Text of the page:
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February 24, 2009: "Ink Stained Fingers" 
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Post Re: February 24, 2009: "Ink Stained Fingers"
Very timely post James

Yesterday the Hearst Corporation announced that the SF Chronicle lost $50m last year and is heading for worse this year.

http://www.sfgate.com/cgi-bin/article.c ... ness&tsp=1

They have made it clear that unless is gets to break even quickly and enables a sale, they will close the paper.

I think this underlines your points rather well.

Rob


Wed Feb 25, 2009 3:02 pm
Post Re: February 24, 2009: "Ink Stained Fingers"
I think newspapers might have a future IF (and this is a big if) something like Amazon's Kindle really takes off. Nice form-factor, easy access, easy to read with no eye-strain, automatic updates, and no need to have internet access. They have paid subscriptions set up for several periodicals, including several newspapers. Same content, just a different form.

In their current form, they'll be tough to keep viable, however.


Wed Feb 25, 2009 6:07 pm
Post Re: February 24, 2009: "Ink Stained Fingers"
IIRC the statistics in NZ for Newspaper subscriptions in NZ support James' thesis - that being said, I infinitely prefer reading a physical newspaper over obtaining my news from electronic sources.

There is something tangible and comforting about reading a newspaper with a cup of coffee at a table/ desk.

Certainly, the tactility and sensory resonance of a newspaper is far superior IMNSHO to a screen.

It's almost decadent.


...as a related tangent, do you, James [and others] think that electronic media, per the reproduction of actual books, will replace physical books [those with 'real' pages etc].


Wed Feb 25, 2009 6:58 pm
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Post Re: February 24, 2009: "Ink Stained Fingers"
iscariot wrote:
...as a related tangent, do you, James [and others] think that electronic media, per the reproduction of actual books, will replace physical books [those with 'real' pages etc].


This is unlikely to happen soon, if ever. Electronic books will supplement paper books but there are too many actual ones out there for any kind of mass replacement to be possible. In addition, people like to abuse books, drag them around, and do things to them that they wouldn't be willing to do to a more expensive Kindle. So I don't see paper books going away any time in my lifetime.


Wed Feb 25, 2009 7:04 pm
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Post Re: February 24, 2009: "Ink Stained Fingers"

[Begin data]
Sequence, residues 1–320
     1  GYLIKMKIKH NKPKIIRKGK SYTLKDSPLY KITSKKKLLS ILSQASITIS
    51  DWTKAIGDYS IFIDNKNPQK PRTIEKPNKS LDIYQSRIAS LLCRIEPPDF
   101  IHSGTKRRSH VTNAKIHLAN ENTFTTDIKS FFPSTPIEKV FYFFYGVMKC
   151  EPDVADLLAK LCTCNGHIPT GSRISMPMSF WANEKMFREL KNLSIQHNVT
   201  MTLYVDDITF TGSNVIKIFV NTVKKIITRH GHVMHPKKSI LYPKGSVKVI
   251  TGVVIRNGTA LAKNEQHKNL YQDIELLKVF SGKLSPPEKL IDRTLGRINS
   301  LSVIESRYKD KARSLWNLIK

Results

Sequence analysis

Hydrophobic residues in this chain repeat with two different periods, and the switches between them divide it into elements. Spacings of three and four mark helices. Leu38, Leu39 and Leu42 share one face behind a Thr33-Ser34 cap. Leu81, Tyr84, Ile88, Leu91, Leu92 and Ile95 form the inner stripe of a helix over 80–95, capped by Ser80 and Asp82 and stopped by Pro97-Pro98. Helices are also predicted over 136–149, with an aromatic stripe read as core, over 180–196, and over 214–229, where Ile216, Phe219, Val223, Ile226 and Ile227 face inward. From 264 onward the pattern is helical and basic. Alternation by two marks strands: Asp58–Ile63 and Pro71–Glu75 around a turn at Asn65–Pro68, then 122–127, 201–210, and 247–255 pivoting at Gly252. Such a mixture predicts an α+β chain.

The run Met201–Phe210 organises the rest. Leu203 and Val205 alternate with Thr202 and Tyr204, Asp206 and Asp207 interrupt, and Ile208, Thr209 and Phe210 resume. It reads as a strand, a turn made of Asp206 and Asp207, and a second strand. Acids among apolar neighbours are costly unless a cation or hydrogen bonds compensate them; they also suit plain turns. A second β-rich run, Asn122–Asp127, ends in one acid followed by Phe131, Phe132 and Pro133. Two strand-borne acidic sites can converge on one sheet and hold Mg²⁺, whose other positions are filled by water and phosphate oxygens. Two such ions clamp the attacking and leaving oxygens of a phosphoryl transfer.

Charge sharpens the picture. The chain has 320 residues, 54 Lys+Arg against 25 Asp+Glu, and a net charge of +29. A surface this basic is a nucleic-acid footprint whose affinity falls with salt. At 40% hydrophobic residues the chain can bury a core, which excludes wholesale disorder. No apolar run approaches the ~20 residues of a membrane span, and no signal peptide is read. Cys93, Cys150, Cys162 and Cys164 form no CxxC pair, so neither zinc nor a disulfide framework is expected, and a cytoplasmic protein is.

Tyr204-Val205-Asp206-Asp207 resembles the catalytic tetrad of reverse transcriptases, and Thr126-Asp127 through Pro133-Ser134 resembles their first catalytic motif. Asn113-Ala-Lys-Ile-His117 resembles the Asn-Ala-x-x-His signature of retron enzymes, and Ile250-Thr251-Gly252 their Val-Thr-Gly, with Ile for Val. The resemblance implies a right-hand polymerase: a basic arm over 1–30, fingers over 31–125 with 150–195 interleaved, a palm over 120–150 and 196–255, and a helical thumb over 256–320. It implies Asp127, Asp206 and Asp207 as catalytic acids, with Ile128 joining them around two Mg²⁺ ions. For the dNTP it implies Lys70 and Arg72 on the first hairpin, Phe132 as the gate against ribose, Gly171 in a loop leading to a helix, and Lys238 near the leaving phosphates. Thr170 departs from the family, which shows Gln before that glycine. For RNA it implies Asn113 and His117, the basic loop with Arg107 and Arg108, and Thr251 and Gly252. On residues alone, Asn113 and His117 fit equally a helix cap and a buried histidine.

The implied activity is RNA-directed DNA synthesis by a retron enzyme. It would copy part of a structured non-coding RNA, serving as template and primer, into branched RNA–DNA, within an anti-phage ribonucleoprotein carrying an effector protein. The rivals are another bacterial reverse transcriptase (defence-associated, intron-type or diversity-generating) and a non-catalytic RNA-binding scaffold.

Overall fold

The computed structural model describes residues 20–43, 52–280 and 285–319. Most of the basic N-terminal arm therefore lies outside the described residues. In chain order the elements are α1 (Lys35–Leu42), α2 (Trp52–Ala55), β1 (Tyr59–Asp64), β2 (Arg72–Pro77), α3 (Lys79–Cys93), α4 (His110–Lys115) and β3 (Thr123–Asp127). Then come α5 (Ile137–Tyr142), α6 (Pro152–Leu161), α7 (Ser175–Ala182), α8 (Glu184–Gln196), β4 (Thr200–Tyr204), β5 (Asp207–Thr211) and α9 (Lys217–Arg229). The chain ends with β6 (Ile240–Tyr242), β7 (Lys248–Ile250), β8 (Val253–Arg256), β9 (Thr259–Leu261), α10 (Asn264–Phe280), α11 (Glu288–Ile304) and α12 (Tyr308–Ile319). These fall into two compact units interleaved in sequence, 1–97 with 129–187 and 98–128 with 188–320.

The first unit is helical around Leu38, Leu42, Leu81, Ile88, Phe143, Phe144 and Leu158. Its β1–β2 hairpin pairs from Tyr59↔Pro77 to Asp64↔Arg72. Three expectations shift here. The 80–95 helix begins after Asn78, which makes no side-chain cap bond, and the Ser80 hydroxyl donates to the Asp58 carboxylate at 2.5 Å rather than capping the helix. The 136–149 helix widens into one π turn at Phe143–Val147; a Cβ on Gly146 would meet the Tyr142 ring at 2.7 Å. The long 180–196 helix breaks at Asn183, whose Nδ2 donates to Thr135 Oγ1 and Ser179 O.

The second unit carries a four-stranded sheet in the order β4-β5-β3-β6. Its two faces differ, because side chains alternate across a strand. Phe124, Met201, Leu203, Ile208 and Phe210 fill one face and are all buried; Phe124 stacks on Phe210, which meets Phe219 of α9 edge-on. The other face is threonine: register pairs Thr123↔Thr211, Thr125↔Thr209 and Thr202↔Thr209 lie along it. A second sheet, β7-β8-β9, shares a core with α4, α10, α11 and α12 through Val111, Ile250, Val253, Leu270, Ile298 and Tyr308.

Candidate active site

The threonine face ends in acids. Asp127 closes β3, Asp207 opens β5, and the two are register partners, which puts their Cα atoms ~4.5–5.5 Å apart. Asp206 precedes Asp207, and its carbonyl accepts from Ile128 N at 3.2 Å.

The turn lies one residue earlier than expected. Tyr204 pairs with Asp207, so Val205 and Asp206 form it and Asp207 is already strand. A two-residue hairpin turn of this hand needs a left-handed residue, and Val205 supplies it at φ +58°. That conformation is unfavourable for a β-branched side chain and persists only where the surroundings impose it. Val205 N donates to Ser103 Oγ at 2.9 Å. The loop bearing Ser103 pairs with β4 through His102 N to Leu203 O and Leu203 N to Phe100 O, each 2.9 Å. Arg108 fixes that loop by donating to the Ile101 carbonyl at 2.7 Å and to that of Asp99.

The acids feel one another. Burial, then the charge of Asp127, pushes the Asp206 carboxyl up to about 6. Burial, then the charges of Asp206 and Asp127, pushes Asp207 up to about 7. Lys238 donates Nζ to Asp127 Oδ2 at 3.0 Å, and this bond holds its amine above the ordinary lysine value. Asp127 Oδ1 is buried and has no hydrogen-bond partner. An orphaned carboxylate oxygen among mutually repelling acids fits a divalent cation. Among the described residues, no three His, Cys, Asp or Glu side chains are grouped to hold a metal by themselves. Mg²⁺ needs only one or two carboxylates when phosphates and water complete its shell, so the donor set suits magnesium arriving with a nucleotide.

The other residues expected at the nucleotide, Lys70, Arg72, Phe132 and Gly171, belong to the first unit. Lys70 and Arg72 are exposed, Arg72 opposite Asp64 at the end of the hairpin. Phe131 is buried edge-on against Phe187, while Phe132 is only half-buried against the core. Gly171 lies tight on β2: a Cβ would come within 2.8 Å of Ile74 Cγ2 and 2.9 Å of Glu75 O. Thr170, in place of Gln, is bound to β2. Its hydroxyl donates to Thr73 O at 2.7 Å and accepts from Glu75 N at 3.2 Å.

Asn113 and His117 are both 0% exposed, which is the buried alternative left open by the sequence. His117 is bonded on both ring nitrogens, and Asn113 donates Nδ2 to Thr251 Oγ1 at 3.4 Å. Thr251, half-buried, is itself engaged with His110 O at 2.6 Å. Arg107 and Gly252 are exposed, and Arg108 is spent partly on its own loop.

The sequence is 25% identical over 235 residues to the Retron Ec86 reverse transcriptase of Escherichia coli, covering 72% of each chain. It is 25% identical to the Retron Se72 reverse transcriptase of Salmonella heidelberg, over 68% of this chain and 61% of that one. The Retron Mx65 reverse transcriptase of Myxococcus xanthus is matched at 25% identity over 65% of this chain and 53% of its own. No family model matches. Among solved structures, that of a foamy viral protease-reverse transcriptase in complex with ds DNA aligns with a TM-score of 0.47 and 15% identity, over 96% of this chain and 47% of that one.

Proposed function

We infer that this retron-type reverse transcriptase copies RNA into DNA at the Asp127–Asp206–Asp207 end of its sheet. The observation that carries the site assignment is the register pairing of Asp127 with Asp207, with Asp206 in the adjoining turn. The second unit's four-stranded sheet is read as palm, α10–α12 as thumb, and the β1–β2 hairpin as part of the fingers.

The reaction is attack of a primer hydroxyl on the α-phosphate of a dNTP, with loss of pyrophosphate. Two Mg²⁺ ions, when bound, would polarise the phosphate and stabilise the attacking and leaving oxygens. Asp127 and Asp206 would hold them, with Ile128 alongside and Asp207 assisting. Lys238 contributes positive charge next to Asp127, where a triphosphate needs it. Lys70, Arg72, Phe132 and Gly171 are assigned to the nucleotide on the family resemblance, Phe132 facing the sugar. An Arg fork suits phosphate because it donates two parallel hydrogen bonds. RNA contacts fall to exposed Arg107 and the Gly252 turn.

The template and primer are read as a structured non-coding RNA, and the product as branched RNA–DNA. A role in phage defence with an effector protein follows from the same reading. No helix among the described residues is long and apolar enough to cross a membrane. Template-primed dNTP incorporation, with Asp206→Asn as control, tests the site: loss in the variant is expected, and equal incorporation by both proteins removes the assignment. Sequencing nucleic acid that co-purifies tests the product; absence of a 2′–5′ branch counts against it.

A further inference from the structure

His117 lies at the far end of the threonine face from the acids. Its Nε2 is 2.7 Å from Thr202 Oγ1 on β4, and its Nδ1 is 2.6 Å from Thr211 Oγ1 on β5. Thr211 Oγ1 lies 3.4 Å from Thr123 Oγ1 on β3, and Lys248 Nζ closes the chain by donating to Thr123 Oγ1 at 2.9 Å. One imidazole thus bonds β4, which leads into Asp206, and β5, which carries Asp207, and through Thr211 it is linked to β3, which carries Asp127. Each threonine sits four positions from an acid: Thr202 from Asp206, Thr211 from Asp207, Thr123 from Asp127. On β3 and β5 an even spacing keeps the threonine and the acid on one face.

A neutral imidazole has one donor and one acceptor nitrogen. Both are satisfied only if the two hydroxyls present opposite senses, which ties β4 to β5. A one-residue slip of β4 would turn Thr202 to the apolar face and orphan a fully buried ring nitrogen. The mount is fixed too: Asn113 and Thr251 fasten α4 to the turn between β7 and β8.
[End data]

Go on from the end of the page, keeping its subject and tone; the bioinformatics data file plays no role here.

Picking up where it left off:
James Berardinelli wrote:
... In addition, people like to abuse books, drag them around, and do things to them that they wouldn't be willing to do to a more expensive Kindle...


True. It probably isn't in the manufacturer's recommendation to throw a Kindle at a wall when the author does something incredibly stupid.


Wed Feb 25, 2009 7:19 pm
Post Re: February 24, 2009: "Ink Stained Fingers"
Half the fun of having a book is displaying them on your self, and browsing through them that way.
The other half is the tactile effect of handling a book itself, flipping through pages, etc.

The Kindle can do nothing about these things. It has managed to replicate the look of paper to some degree with a screen that is more readable than a standard computer screen, but that's about it.
I think this will only increase filesharing - when something is made digital, if people accept it in digital form, it instantly becomes valueless. To today's youth, everything digital is free. That's just the way it is. If a book is no longer physical, then it should just be free. The only reason I can bring myself to own DVDs is that I love the look of all the cases on my shelf.
The Kindle is the beginning of the end for the book industry. The more popular it gets, the more trouble they are in.


Wed Feb 25, 2009 7:32 pm
Post Re: February 24, 2009: "Ink Stained Fingers"
I intern at a newspaper. Trust me, they're dying. Even small town ones. Most of our readership is over fifty and many of them are much older than that.

Which begs the question, what do college kids who are about to graduate with shiny journalism degrees do?


Wed Feb 25, 2009 8:17 pm
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Post Re: February 24, 2009: "Ink Stained Fingers"
Trevor wrote:
Half the fun of having a book is displaying them on your self, and browsing through them that way.